582 @item -map @var{input_stream_id}[:@var{sync_stream_id}]
583 Set stream mapping from input streams to output streams.
584 Just enumerate the input streams in the order you want them in the output.
585 @var{sync_stream_id} if specified sets the input stream to sync
586 against.
587 @item -map_meta_data @var{outfile}:@var{infile}
588 Set meta data information of @var{outfile} from @var{infile}.
589 @item -debug
590 Print specific debug info.
591 @item -benchmark
592 Show benchmarking information at the end of an encode.
593 Shows CPU time used and maximum memory consumption.
594 Maximum memory consumption is not supported on all systems,
595 it will usually display as 0 if not supported.
596 @item -dump
597 Dump each input packet.
598 @item -hex
599 When dumping packets, also dump the payload.
600 @item -bitexact
601 Only use bit exact algorithms (for codec testing).
602 @item -ps @var{size}
603 Set RTP payload size in bytes.
604 @item -re
605 Read input at native frame rate. Mainly used to simulate a grab device.
606 @item -loop_input
607 Loop over the input stream. Currently it works only for image
608 streams. This option is used for automatic FFserver testing.
609 @item -loop_output @var{number_of_times}
610 Repeatedly loop output for formats that support looping such as animated GIF
611 (0 will loop the output infinitely).
612 @item -threads @var{count}
613 Thread count.
614 @item -vsync @var{parameter}
615 Video sync method.
616 0 Each frame is passed with its timestamp from the demuxer to the muxer
617 1 Frames will be duplicated and dropped to achieve exactly the requested
618 constant framerate.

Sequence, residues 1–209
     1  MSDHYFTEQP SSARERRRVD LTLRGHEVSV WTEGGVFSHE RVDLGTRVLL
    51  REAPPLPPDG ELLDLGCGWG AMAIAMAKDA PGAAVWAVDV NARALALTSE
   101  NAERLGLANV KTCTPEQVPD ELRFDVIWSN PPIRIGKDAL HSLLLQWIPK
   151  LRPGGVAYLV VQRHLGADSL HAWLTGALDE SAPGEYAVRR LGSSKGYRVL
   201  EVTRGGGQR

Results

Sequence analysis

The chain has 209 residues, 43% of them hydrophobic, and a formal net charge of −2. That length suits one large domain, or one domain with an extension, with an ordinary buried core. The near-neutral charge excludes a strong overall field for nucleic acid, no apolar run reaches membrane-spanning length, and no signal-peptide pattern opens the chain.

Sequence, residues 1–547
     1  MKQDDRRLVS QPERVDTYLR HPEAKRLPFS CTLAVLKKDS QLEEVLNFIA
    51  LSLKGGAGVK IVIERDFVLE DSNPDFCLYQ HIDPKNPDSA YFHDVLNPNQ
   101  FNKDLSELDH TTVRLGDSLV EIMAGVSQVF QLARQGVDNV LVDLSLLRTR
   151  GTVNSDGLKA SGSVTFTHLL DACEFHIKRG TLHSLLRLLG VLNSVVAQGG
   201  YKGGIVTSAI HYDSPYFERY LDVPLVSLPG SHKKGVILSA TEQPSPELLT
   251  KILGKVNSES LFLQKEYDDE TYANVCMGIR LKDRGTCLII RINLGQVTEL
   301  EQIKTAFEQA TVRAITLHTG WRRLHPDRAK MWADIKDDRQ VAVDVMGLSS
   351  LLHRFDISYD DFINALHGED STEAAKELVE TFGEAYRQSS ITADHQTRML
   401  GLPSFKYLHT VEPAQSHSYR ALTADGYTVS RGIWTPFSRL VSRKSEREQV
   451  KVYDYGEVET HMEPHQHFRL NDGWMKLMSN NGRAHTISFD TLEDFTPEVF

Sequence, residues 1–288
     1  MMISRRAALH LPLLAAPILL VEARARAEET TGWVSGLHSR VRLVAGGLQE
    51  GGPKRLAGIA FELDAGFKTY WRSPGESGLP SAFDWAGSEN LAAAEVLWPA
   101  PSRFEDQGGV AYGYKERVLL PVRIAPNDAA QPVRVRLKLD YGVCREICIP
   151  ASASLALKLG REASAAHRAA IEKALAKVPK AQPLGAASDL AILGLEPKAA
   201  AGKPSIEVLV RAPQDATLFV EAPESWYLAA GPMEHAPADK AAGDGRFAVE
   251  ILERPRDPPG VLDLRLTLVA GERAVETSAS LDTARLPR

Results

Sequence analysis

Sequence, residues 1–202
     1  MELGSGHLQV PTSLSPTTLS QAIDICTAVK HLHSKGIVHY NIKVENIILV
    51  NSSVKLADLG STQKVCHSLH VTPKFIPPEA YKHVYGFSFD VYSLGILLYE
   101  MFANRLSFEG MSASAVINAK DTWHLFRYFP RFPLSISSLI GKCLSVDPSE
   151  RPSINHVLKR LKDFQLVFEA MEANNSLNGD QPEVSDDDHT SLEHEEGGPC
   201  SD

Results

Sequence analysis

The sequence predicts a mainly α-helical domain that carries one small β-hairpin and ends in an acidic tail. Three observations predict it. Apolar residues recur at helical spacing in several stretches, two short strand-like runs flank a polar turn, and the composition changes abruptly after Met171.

619 2 Frames are passed through with their timestamp or dropped so as to prevent
620 2 frames from having the same timestamp
621 -1 Chooses between 1 and 2 depending on muxer capabilities. This is the default method.
622
623 With -map you can select from
624 which stream the timestamps should be taken. You can leave either video or
625 audio unchanged and sync the remaining stream(s) to the unchanged one.
626 @item -async @var{samples_per_second}
627 Audio sync method. "Stretches/squeezes" the audio stream to match the timestamps,
628 the parameter is the maximum samples per second by which the audio is changed.
629 -async 1 is a special case where only the start of the audio stream is corrected
630 without any later correction.
631 @item -copyts
632 Copy timestamps from input to output.
633 @item -shortest
634 Finish encoding when the shortest input stream ends.
635 @item -dts_delta_threshold
636 Timestamp discontinuity delta threshold.
637 @item -muxdelay @var{seconds}
638 Set the maximum demux-decode delay.
639 @item -muxpreload @var{seconds}
640 Set the initial demux-decode delay.
641 @end table
642
643 @section Preset files
644
645 A preset file contains a sequence of @var{option}=@var{value} pairs,
646 one for each line, specifying a sequence of options which would be
647 awkward to specify on the command line. Lines starting with the hash
648 ('#') character are ignored and are used to provide comments. Check
649 the @file{ffpresets} directory in the FFmpeg source tree for examples.
650
651 Preset files are specified with the @code{vpre}, @code{apre},
652 @code{spre}, and @code{fpre} options. The @code{fpre} option takes the
653 filename of the preset instead of a preset name as input and can be
654 used for any kind of codec. For the @code{vpre}, @code{apre}, and
655 @code{spre} options, the options specified in a preset file are